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Lists of Objects
Lists (of domain type DOM_LIST) are ordered collections of an arbitrary number of arbitrary MuPAD^{®} objects, except for sequences and the null object.
In MuPAD, the mathematical construct of an n-tuple is implemented as the data type DOM_LIST. Lists consist of an arbitrary (finite) number of arbitrary objects, with the exception of expression sequences, which are split into their operands when placed into a list.
Unlike sets, lists can contain multiple copies of the same element. The order of elements in a list is preserved.
Lists can be empty.
To create a list for our first example, we use the operator $:
L := [x_.i $ i=1..10]
This list contains 10 elements:
nops(L)
The fifth element of the list is x_{5} and the list of elements from x_{3} through x_{6} can also be accessed very easily:
L[5], L[3..6]
To change an element of the list, we use the indexed form on the left hand side of an assignment:
L[5] := 5
L
Note that this assignment only changes L, not x_{5}:
x_5
Likewise, we can change a sublist by assigning another list to it. This may change the length of the list:
L[3..6] := [1, 2]
nops(L), L
Using a list as a function symbol creates the list obtained by using each list element as a function symbol for the operands used, i.e., [f, g](x, y) results in [f(x, y), g(x, y)].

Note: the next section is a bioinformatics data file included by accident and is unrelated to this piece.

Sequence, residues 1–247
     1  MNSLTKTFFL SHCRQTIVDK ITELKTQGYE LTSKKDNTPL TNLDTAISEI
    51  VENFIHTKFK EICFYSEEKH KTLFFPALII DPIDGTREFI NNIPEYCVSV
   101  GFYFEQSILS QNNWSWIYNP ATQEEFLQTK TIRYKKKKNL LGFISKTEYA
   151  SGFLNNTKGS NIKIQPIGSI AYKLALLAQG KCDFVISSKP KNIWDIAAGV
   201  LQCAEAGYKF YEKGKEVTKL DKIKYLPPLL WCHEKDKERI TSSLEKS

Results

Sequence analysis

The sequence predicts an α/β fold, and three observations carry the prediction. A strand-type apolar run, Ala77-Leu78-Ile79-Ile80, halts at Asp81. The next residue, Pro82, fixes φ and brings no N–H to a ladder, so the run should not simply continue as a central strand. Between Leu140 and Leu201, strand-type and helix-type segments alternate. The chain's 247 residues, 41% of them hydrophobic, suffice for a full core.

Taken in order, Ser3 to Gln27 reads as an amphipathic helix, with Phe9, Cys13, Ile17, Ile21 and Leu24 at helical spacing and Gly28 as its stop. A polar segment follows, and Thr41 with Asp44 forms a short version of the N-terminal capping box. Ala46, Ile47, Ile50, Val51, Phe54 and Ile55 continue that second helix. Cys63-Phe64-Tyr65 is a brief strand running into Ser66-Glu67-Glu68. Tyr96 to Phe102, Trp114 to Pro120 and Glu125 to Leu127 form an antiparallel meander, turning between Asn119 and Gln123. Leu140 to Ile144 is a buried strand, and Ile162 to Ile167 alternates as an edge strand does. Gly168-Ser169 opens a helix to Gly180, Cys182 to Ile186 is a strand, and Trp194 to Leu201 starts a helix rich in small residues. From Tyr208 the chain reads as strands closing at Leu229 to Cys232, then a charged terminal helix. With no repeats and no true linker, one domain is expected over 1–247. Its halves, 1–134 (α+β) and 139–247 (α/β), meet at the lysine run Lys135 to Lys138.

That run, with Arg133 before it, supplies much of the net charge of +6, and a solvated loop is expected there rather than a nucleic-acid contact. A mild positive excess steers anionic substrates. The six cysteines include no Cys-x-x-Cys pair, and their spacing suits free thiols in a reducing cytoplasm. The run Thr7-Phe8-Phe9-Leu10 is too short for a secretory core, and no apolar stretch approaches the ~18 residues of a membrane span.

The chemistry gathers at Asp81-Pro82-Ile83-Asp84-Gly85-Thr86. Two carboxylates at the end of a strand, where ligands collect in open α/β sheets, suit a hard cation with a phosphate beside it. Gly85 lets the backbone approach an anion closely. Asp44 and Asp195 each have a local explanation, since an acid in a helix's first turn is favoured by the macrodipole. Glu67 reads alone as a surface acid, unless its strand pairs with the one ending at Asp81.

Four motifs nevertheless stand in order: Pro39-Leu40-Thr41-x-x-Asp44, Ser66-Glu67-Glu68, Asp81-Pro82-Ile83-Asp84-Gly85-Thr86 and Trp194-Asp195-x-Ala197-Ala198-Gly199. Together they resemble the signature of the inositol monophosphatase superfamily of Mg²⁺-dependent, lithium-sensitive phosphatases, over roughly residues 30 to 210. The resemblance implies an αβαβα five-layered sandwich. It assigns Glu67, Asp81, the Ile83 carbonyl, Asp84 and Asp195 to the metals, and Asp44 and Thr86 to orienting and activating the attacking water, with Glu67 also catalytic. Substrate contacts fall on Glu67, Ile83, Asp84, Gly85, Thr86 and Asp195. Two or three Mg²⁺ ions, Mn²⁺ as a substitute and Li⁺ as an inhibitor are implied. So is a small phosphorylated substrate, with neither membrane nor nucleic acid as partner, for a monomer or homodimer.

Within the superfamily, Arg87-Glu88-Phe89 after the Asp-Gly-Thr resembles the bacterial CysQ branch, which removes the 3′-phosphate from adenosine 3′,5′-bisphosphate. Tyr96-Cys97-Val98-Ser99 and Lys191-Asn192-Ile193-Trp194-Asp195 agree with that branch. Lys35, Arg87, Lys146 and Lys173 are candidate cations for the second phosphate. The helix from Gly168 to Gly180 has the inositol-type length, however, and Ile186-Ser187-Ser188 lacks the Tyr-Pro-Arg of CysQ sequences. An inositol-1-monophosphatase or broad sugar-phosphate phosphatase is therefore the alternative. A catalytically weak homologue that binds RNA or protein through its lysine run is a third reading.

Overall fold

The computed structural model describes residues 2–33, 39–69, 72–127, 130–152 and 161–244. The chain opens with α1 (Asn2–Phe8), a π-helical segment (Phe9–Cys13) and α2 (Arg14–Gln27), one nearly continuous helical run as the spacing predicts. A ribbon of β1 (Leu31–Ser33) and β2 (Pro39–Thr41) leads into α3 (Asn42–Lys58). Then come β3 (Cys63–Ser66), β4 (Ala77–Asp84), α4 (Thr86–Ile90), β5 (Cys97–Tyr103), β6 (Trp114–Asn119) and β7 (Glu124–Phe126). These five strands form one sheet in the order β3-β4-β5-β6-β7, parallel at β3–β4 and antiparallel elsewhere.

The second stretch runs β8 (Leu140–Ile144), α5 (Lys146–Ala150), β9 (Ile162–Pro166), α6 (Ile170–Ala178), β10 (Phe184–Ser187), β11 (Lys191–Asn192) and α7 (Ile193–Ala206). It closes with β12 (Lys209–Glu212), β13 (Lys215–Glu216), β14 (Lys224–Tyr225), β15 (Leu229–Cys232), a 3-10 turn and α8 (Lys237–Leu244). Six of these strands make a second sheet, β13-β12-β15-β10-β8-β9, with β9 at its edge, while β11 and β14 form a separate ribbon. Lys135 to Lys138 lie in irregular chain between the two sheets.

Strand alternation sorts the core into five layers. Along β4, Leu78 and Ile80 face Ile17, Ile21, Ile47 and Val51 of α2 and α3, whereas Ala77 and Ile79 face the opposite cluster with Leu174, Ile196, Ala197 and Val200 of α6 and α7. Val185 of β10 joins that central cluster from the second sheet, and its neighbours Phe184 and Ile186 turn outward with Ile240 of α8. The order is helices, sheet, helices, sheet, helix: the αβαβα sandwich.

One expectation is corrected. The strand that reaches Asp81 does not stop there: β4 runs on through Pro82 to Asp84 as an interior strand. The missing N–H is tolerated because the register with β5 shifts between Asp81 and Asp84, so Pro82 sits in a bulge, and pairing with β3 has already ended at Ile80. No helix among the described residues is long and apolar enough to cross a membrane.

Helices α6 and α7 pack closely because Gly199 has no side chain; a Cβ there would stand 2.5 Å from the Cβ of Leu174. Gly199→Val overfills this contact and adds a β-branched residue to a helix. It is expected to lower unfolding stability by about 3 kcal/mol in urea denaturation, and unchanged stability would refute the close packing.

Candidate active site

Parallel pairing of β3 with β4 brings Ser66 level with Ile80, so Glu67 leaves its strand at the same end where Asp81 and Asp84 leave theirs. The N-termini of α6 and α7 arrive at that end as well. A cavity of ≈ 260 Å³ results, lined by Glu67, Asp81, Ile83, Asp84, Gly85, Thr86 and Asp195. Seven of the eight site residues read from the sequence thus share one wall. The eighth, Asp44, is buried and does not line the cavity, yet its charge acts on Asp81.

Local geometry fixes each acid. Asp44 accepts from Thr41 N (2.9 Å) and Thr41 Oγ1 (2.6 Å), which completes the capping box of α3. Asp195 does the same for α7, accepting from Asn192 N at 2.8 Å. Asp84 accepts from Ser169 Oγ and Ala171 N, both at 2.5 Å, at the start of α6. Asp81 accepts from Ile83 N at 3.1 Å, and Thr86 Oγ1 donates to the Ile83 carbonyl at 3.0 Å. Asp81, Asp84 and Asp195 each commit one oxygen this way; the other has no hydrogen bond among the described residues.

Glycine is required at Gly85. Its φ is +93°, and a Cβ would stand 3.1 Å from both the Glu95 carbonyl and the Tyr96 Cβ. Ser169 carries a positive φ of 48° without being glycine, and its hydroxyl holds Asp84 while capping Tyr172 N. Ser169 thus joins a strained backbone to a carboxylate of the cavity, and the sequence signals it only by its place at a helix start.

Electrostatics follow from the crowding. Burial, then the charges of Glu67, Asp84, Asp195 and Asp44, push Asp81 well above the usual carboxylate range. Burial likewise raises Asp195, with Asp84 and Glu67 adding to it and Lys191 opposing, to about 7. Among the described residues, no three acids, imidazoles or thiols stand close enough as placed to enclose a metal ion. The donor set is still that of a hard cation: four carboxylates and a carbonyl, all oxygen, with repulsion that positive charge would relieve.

Assuming that L is a list, the number of elements in L can be determined by calling nops(L).
Individual elements of the list are accessed in the form L[1], L[2] etc. when counting from the beginning or L[-1], L[-2] etc. when counting from the end. Trying to access an element "outside" the list or L[0] raises an error.
Continuous sub-lists can be extracted by using a range in an indexed access: L[2..4] returns the list [L[2], L[3], L[4]]; L[2..-2] returns the list L without its first and last element.
Both forms of indexed access can also be used as the left hand side of an assignment, cf. Example 1.
Lists can be concatenated with the dot operator, as in L1 . L2 or its functional form, _concat.
The function contains finds the first occurrence of a given MuPAD object in a list. select and split can be used to extract those elements from a list fulfilling an arbitrary predicate.
Lists can be sorted with sort or prog::sort.
The function map applies a function to all elements of a list, returning the list of results. To combine two lists element-wise with some function, use zip.
Assigning a list to a list of identifiers is possible and results in a simultaneous assignment, cf. ?_assign.